The National Park Service likes to say that the landscape within Obed Wild and Scenic River looks much as it did "when the first white settlers strolled its banks in the late 1700s." Scenery aside, the Obed River is for experienced paddlers, as “lethal hazards abound on all sections of the park's streams,” park staff note, adding that waves can reach 10 feet at times. Elsewhere in the park, though, you can find calmer waters to paddle, such as Clear Creek.
It will help your experience if you’re somewhat cold-blooded, as “January, February, March and April are the heart of the park's paddling season,” note park officials. “May and December are shoulder months when minimum flow levels may or may not be present.”
Paddling information: http://www.nps.gov/biso/planyourvisit/whitewaterpaddling.htm
Though not as renowned as the New or Gauley rivers, the Big South Fork has drawn acclaim for its whitewater. Angel Falls draws a Class IV rating for the way a choke point in the river squeezes the current, while Double Falls Rapid, the Washing Machine, and the Ell also have earned reputations for challenging paddlers.
While some stretches of the Clear Fork, North White Oak, and New River (not that New River) might be manageable for beginners, most stretches require paddling experience before you put in. If you lack the experience, but don’t want to miss the adventure, look to an outfitter who can guide you on a river trip in the park.
Paddling information: http://www.nps.gov/maca/planyourvisit/ontherivers.htm
The country’s other Green River flows through this park where the main attraction is underground. Paddling the Green or Nolin rivers is a great trip, as they meander for 30 miles through this rumpled, wooded landscape.
Canoeists can camp on islands, within the flood plain, or at the Houchins Ferry Campground near the western end of the park. There are no rapids within the park, making these trips perfect for families or novice paddlers. Wildlife spotted along your trip could include turkeys, deer, beaver, and perhaps even fox or bobcats.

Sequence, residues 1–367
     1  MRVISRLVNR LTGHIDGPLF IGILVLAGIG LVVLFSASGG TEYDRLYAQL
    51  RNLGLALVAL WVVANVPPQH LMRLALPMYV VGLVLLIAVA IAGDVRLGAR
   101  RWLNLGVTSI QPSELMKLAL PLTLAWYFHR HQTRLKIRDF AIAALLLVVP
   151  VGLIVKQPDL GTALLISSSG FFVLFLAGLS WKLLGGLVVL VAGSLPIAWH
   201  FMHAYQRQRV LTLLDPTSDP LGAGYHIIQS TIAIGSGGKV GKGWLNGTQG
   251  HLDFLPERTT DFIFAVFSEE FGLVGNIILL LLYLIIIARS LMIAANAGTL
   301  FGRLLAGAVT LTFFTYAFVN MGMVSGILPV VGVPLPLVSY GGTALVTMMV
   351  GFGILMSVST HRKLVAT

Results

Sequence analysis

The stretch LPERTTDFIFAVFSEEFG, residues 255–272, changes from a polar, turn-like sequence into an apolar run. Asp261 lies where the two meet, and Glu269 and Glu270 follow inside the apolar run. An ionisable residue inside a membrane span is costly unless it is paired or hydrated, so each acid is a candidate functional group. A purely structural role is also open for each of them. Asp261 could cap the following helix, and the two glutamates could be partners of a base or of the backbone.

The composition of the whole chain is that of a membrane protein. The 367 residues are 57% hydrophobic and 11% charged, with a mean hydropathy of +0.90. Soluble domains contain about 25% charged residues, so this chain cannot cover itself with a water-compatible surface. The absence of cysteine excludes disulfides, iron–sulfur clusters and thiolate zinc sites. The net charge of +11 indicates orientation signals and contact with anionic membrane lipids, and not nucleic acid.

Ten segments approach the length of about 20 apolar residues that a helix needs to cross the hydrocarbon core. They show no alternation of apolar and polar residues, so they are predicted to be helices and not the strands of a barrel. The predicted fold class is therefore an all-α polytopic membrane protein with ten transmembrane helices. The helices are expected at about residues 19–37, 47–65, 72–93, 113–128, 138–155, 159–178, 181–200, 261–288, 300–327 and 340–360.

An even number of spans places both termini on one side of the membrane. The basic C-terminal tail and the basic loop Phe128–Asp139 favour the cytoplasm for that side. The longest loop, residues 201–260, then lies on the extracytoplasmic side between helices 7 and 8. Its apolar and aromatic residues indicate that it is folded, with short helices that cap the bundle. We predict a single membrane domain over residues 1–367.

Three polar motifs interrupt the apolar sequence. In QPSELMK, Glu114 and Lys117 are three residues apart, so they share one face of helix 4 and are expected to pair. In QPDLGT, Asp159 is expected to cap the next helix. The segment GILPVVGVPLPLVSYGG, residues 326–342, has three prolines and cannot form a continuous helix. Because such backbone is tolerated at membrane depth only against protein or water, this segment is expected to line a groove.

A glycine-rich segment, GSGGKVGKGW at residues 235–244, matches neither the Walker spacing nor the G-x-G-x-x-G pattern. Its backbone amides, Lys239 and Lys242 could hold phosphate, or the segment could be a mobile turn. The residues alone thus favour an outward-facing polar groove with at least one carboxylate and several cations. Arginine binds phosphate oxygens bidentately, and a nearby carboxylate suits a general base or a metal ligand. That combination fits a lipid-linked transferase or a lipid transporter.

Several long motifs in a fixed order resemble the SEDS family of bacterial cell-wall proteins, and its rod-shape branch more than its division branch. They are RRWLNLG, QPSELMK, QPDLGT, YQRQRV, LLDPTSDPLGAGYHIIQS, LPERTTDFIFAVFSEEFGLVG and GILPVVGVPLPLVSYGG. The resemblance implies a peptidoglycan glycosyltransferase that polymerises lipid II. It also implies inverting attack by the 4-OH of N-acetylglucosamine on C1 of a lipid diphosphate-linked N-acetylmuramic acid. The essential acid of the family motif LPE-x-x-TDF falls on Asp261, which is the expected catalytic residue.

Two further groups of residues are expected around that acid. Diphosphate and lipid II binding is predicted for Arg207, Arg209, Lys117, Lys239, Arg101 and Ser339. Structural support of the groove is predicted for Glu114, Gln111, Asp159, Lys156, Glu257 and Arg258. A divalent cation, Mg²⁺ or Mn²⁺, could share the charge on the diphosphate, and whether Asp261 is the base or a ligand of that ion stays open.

Several canoe liveries can supply you with boat rentals and even shuttles.
Paddling information: http://www.nps.gov/cong/planyourvisit/guided-canoe-tours.htm
While you can experience the old-growth forest protected by Congaree National Park by strolling the boardwalks that wend their way through the swamp, paddling Cedar Creek brings the trees and undergrowth even closer.
Bald cypress and water tupelo trees reach into the sky overhead, while Spanish moss hangs down from the tree branches. This bottomland forest is rich in birdlife, and the songs of chickadees, wrens, white-eyed vireos and warblers will serenade you. Though Ivory-billed woodpeckers perhaps once made these bottomland forests home, these days you’ll hear the pecking of Red-bellied woodpeckers, Downy woodpeckers, and Northern flickers, not that of the Lord God bird.
The park offers ranger-led canoe tours down Cedar Creek on Saturdays during the winter months, but they fill far in advance. For information and reservations, call the park at 803-647-3980.
If you are on your own, check the stream levels before leaving home; ideal gauge levels for Cedar Creek on the USGS website are between 3-5 feet. Anything above 6 feet starts flooding, while below 3 and you may have to pull over logs. A great day trip is to put in at South Cedar Creek landing and paddle down stream for 2-3 miles then paddle back - the current is not that bad between 3-5 feet; this way you don't need a second car at a pull out spot.
Next Wednesday: Rocky Mountain Parks